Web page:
a) Accompany it with the complete corresponding machine-readable source code, which must be distributed under the terms of Sections 1 and 2 above on a medium customarily used for software interchange; or,

    b) Accompany it with a written offer, valid for at least three years, to give any third party, for a charge no more than your cost of physically performing source distribution, a complete machine-readable copy of the corresponding source code, to be distributed under the terms of Sections 1 and 2 above on a medium customarily used for software interchange; or,

    c) Accompany it with the information you received as to the offer to distribute corresponding source code. (This alternative is allowed only for noncommercial distribution and only if you received the program in object code or executable form with such an offer, in accord with Subsection b above.)


    I don't see how there's any way you could claim this is anything but an egregious violation of the license. If you'd like to review the license yourself, it's at http://www.gnu.org/copyleft/gpl.html [gnu.org]. AOL is likely assuming no one will have the money to properly sue them, or perhaps they think they'd be able to have the license found invalid, or possibly they think they're in the clear by putting it all in a box that's not supposed to be open.
  • You read worse beat-ups in Socialist newspapers, but not much worse.

    Just the opposite! Through ages capitalist newspapers have been poisoning our naive minds. Great socialist leaders like Josef Stalin have been vilified in these crappy magazines. It's time for revolution! Let the people own everything! Let's share Bill's belongings! Let's share source code! It's time for revolution. Josef Tito! Eric Honecker! Karl Marx! The Communist Manifesto!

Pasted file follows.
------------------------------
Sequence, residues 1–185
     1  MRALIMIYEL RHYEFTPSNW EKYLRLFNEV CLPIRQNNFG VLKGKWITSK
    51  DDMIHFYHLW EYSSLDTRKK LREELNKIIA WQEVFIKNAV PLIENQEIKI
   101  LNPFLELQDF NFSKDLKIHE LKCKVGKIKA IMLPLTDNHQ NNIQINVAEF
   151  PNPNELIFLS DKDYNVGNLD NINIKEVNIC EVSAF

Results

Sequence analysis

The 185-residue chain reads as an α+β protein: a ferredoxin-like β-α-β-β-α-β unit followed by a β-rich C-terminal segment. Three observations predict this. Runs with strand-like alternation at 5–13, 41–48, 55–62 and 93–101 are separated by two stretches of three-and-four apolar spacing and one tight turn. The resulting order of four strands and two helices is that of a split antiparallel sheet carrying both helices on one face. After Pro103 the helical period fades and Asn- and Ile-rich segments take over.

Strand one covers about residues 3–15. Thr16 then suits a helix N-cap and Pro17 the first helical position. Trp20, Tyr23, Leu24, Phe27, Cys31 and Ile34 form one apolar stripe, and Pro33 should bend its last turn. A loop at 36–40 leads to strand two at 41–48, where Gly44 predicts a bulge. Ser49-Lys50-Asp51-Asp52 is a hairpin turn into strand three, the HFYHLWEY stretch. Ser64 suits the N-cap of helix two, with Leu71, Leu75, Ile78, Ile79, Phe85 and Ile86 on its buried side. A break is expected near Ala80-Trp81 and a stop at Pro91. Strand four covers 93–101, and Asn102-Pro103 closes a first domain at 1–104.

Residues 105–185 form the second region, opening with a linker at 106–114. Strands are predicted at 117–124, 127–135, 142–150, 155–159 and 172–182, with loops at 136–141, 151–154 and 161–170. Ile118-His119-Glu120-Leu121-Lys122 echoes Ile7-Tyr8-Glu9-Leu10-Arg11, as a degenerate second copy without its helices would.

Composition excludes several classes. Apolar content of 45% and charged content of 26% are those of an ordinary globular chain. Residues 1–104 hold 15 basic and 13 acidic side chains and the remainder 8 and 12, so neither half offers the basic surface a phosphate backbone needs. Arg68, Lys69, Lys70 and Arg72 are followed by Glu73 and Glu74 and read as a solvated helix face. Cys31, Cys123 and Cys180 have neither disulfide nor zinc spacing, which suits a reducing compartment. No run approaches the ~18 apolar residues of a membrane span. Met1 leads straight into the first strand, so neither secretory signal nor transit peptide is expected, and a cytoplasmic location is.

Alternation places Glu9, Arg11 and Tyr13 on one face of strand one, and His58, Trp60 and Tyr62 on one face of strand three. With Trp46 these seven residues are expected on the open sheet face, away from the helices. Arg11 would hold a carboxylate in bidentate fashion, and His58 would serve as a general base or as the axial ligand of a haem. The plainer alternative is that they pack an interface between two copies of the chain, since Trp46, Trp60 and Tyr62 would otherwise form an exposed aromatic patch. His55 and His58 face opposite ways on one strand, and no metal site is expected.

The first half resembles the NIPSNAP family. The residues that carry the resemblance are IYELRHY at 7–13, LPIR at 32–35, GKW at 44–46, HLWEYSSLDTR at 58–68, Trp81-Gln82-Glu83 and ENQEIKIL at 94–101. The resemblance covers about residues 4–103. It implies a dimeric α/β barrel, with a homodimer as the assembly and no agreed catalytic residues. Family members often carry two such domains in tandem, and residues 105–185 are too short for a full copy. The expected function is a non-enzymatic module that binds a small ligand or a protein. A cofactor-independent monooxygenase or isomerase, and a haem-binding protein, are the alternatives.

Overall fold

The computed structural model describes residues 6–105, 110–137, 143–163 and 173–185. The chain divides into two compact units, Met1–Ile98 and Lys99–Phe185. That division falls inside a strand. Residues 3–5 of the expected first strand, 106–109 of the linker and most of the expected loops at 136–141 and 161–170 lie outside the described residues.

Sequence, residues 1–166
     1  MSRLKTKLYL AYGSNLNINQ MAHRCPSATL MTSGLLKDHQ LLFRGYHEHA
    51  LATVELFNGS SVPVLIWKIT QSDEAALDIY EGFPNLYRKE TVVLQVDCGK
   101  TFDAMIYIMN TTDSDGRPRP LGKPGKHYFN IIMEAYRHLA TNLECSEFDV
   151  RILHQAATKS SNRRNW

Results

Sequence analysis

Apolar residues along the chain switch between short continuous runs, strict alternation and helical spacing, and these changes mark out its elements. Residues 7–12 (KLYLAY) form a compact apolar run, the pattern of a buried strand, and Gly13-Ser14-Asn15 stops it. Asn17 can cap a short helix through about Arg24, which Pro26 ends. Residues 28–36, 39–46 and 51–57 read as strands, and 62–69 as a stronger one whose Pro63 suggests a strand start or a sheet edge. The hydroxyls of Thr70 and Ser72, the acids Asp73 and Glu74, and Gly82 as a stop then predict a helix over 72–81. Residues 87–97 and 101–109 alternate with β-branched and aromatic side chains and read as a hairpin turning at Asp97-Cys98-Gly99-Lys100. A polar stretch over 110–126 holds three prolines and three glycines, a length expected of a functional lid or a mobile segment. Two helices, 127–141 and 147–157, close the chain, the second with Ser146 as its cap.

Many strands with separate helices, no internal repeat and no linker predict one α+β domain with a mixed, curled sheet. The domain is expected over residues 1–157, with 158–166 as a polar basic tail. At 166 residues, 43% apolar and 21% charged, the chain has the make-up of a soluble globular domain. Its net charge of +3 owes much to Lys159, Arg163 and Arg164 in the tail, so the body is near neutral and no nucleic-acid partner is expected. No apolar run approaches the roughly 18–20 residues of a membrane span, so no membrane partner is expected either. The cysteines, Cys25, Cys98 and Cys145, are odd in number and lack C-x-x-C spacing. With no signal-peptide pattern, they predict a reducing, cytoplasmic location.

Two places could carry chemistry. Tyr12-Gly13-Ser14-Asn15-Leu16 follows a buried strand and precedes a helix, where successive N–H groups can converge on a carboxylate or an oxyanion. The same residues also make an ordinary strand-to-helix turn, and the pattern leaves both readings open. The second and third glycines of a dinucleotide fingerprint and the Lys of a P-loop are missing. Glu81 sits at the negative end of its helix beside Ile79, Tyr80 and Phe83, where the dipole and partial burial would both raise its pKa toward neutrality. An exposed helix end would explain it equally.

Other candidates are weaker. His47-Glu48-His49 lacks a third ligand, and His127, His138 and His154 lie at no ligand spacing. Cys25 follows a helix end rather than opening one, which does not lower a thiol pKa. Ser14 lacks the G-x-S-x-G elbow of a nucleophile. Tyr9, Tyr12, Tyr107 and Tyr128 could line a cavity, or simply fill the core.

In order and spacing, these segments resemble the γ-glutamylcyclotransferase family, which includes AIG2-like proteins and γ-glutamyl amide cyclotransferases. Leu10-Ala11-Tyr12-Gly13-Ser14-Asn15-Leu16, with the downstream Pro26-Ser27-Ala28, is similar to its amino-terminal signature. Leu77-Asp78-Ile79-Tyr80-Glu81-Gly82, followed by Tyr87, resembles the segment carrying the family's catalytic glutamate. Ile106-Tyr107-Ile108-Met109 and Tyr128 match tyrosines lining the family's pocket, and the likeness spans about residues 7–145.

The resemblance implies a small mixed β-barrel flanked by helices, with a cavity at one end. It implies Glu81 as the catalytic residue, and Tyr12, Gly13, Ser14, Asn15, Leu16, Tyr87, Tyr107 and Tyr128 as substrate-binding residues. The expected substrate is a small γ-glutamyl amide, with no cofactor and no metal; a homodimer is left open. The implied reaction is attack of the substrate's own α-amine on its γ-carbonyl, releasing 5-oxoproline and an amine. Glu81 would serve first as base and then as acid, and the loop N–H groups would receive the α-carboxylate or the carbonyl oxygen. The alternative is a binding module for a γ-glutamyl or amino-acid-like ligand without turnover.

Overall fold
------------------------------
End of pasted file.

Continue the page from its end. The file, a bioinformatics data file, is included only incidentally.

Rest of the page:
• by Daniel Quinlan (153105) on Tuesday May 22, 2001 @01:41PM (#204943) Homepage
    Disclaimer: I am not speaking as an official spokesperson of Transmeta.

    As one of the Midori developers, I feel the need to say something here.

    1. AOL has a pointer to Transmeta's Midori Linux site in the "About" box of their client (which is the primary GUI application on the box).

    2. All of the source code changes to GPL code made by AOL have already been rolled back into Midori. (In fact, AOL regularly sent us diffs of their tree.) The source code is at midori.transmeta.com [transmeta.com]

    3. No partitions are encrypted. It's just a different partitioning format to allow sub-partition upgrades of cramfs. (It's all part of "packcramfs" which is part of Midori Linux.)

    I should also add that we have enjoyed working with AOL.

    Dan

  • but I thought they already do have a monopoly... How can one company get 2 monopolies?

    They can be a ridiculously oversized corporation such as AOL-TW and thus have monopolies in more than one area.

    ---
    Check in...(OK!) Check out...(OK!)
  • by YetAnotherDave (159442) on Tuesday May 22, 2001 @01:03PM (#204945)
    As I understand it, if they just used the code then they just need to say 'we used this stuff' and point prople to where they can get the source. But if they modified it, they have to show the source for their modifications as well.

    This could be an over-simplification...

  • "You said the magic word and win the prize!"

    Yes, this will play into the whole MS debacle and their fight to undermine, criminalize, and destroy the GPL virus. Think on it: the GPL exists to foster the on-going creative process of programmers freely writing code for the community and allowing that in itself to enhance their own notoriety, taking on the task of being their own agent. This in contrast to MSerfdom, which is the preferred model for an existing large business.

    It is in AOL's interests to be sued by GPL authors and prevail. It is also in MS interests, and any other software house built on the traditional pyramid model. Once a court disqualifies the GPL as a valid contract, precedence will have been set, and then GPL will die.

    Do you imagine that there is a company that hasn't considered the business aspects of the GPL? I know many have. And what do you think they think about it? Travel with me, if you will, into the mind of a corporate CEO. Careful, don't step on it, it's pretty small..."

    "If I could only get the GPL code and keep it, it would be like having thousands of programmers working for me day and night for free! But if I can't keep what I write, then it would be like giving my profit away. Gee, if I could only find a way..." "Darla, get MyCongressman on the rotary phone."